There has been a bit of a gaming backlash recently in regards to games being released and then offering things like micro-transactions and DLC. So much so that there has even been a petition started to regulate micro-transactions specifically to have them fall under the same laws as gambling.
Now, there is a difference between micro-transactions and DLC content. But here in this article, I’m going to try to explain why I feel both are a bad thing for gaming and why they need to be stopped. In regards to micro-transactions, there have been two big offenders recently that have hit the gaming headlines for all the wrong reasons. Middle–earth: Shadow of War and Star Wars: Battlefront II. So much so that when EA tried to defend micro-transactions in Star Wars: Battlefront II recently via Reddit, it became the most despised post EVER with over 680,000 down-votes so far and still counting.
First things, first. Micro-transactions are gambling as you have no idea what you will get in these loot boxes that you have to pay real money for. You could get an amazing 5 star, super rare item/character that is well worth the money you pay… or you could get something much less impressive. If you are paying real world cash for an item that you have no idea what you will receive – that is a gamble, it is gambling. Also, have you noticed how opening a loot box in a game is never a simple affair? They are always accompanied by sound effects, animations, flashing lights, etc – you know the same kind of things slot machines offer to entice people to play? But its not just the fact that these thing are a form of gambling that is the problem – its also the fact that they can give players an item/character that could provide them an edge over other players. Now if someone unlocks new abilities and upgrades through playing the game fairly, through their own skills then fine, I have no problem with that at all. But if you can just spend cash to get ‘better’ at a game giving you and advantage over others – then that’s a problem and by definition that is ‘pay to win’ in a big budget, high priced game.
I am strongly against micro-transactions in fully priced games. I mean, you go out and spend around £50 ($60) for a AAA, big budget game or even more for special editions… and then they try to entice you to buy ‘loot boxes’ within said game to unlock items in the game you have already paid for. AAA, big budget games should never have micro-transactions. These companies already make millions up on millions in profit from the sales – so micro-transactions are insulting to us gamers. Now there is a very different corner of the gaming world that rely on micro-transactions. Those ‘free to play’ games you can download and play without spending a penny. These games need micro-transaction because their games are ‘free’ – I get that. But big budget games? No, not at all. ‘Loot boxes’ within major game releases should never be a part of the game… ever. And its not just a matter of spending real world money to gain items within a game – its also a fact that doing so means missing out on gameplay of the game itself.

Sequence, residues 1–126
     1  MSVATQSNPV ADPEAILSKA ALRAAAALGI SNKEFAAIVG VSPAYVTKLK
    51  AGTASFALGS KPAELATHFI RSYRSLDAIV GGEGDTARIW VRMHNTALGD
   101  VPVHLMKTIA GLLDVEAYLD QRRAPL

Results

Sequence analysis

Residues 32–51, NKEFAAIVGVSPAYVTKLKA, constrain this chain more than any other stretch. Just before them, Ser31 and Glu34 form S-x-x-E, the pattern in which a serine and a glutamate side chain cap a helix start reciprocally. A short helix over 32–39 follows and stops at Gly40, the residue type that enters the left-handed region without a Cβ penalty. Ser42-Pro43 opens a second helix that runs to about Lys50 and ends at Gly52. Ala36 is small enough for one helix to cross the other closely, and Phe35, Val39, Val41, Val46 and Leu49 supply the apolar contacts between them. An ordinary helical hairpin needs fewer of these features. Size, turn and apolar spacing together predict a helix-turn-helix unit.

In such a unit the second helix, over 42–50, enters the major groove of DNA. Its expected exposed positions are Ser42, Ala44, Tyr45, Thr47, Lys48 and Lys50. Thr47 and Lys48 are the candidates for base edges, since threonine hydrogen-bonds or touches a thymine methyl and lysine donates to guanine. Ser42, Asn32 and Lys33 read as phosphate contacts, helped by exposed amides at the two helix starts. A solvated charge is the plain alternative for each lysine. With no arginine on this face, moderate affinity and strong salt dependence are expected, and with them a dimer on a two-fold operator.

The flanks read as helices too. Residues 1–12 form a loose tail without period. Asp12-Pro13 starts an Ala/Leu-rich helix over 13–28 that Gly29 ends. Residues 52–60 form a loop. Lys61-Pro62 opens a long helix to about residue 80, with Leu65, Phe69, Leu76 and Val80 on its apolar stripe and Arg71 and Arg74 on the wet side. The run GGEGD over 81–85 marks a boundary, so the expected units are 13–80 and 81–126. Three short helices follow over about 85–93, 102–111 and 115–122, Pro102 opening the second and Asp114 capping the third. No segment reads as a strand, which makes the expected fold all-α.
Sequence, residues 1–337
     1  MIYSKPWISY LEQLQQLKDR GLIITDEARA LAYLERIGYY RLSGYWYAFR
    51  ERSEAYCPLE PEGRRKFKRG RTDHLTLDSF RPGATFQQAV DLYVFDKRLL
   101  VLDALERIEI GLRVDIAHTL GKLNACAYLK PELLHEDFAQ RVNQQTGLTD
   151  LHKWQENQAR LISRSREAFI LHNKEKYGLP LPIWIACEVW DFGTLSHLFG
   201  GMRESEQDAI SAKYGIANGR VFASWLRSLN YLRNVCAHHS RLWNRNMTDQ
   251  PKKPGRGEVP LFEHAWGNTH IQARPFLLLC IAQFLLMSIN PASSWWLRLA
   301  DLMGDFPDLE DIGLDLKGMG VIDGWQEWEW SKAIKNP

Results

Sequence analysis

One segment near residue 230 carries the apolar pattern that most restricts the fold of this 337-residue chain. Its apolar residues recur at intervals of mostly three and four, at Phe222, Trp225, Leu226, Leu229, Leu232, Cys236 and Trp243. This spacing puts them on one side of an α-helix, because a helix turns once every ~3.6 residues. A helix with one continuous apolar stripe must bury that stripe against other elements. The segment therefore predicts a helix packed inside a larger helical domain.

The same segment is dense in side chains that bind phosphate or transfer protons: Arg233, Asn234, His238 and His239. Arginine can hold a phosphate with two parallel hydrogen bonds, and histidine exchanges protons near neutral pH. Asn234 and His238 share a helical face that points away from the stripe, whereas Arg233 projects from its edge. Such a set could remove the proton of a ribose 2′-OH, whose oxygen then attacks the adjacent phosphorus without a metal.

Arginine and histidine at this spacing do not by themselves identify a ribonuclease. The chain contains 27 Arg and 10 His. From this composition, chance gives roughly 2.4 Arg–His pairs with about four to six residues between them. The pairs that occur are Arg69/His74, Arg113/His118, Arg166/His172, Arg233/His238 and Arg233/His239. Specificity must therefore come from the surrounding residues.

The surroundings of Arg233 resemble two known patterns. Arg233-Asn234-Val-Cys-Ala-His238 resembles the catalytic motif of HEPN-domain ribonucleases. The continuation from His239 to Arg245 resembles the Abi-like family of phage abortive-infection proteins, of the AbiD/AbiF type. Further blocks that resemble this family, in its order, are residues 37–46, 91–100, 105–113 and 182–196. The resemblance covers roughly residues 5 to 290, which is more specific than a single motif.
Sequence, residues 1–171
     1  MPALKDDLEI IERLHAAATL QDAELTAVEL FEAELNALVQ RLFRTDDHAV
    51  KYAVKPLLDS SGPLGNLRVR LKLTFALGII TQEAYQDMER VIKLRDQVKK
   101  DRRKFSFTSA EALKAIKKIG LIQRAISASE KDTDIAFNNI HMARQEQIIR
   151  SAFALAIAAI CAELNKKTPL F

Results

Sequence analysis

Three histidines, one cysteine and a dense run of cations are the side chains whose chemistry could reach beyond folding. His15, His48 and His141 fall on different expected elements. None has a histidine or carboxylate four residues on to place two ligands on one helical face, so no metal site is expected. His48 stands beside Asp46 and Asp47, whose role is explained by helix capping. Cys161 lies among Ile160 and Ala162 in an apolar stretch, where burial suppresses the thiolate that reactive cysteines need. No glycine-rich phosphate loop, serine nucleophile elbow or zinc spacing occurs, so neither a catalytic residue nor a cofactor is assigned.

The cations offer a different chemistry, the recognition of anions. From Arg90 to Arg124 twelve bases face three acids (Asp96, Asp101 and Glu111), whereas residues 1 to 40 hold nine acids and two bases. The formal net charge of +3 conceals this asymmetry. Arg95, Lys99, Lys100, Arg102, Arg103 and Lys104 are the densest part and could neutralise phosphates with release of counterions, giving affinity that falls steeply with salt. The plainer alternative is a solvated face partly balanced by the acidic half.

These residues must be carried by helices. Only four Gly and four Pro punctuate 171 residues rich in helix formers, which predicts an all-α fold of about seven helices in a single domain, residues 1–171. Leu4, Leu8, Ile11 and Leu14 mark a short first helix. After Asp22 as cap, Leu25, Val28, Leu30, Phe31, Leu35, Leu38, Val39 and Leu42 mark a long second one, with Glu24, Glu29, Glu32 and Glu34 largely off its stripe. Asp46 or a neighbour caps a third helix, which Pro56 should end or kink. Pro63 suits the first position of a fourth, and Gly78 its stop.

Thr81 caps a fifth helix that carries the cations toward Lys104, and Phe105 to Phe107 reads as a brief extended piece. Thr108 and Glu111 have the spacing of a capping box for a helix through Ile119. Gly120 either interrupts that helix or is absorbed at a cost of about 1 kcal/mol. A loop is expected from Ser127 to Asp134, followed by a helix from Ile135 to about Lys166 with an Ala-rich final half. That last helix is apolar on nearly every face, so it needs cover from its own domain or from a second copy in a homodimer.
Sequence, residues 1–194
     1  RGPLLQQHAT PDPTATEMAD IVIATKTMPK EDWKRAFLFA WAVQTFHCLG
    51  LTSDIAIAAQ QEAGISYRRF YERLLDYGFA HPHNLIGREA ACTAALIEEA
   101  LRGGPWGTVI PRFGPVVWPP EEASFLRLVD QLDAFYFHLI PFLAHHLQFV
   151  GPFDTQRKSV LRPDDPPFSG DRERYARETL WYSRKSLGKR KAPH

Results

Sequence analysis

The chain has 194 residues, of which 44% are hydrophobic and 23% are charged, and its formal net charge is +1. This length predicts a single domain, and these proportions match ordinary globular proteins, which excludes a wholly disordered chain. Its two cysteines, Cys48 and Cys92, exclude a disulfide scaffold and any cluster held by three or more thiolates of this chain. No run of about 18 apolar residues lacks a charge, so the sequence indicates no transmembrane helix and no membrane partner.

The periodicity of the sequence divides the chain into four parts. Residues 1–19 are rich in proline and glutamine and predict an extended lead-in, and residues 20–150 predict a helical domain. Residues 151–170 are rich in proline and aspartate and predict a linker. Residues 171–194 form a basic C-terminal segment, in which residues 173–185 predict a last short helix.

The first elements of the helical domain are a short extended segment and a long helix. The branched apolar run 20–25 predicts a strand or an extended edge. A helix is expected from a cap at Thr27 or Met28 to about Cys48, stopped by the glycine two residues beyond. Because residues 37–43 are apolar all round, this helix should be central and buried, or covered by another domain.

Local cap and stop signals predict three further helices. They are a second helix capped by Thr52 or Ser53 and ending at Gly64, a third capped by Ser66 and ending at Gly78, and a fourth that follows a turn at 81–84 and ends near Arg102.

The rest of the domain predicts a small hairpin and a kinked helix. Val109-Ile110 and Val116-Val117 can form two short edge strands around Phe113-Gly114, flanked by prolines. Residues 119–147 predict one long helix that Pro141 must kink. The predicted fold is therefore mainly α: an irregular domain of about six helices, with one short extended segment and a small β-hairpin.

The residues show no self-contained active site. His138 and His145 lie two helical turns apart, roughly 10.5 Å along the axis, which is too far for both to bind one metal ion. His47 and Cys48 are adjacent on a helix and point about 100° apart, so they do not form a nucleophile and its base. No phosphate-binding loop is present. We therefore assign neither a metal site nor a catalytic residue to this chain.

In Middle–earth: Shadow of War – you can pay to unlock orcs. But capturing orcs is a major point of the gameplay – its also one of the better aspects of the game too. It kind of like buying the new Forza game but then paying to have the races completed for you. Why would you do that? These things are a cancer of gaming and the fact that the recent fallout from Star Wars: Battlefront II is making gaming headlines – I hope this is the turning point, the era where gamers just get so sick of micro-transactions in gaming that future publishers/developers take serious notes and realise we do not want them.
One of the major reasons why Star Wars: Battlefront II is getting the bad press is due to the unlocking of characters. The aforementioned Reddit began with this:
Seriously? I paid 80$ to have Vader locked?
This is a joke. I’ll be contacting EA support for a refund… I can’t even playing fucking Darth Vader?!?!? Disgusting. This age of “micro-transactions” has gone WAY too far. Leave it to EA though to stretch the boundaries.
Yeah, you can understand the upset right, paying $80 for a game only to have one of the most iconic characters of the franchise locked away?
Now, the way you unlock characters in the game is via micro-transactions to gain in-game currency to then buy locked characters… or you can grind away playing the game over and over to gain in-game currency without spending any more cash. It sounds ‘fair’ right? Well not if you just handed over $80 for a single game. Plus there is also the fact that it had been worked out that you’d need to grind away playing Star Wars: Battlefront II for 40 hours just to unlock ONE character. You want both Darth Vader and Luke Skywalker in Star Wars: Battlefront II? That’ll be 80 hours of your life thanks. Some games don’t even have a 40 hour gameplay campaign… so how does having to play for 40 hours for ONE character make any sense?
Now to be fair, EA have recently lowered the amount of in-game currency required to unlock the characters, so no need to play for 40 hours any more right? Well no – because along with reducing the cost of the characters, they have also reduced the amount of in-game cash you earn by 75%. They publicly announced the reduction of the cost of the characters to make themselves look like they have been listening to the negative feedback – but kept the drop in game currency quiet, creating an illusion. They’ve given with one hand and taken away with the other.
I like unlockables in game though, I like getting rewarded for the hard work I put into the game. Getting a new level, character or something else that adds to the gameplay is fantastic. But there is a way to handle them and a way not to. EA’s approach in regards to locking characters in Star Wars: Battlefront II is both a great idea – but also poison to the game itself. Why are they not learning for the past?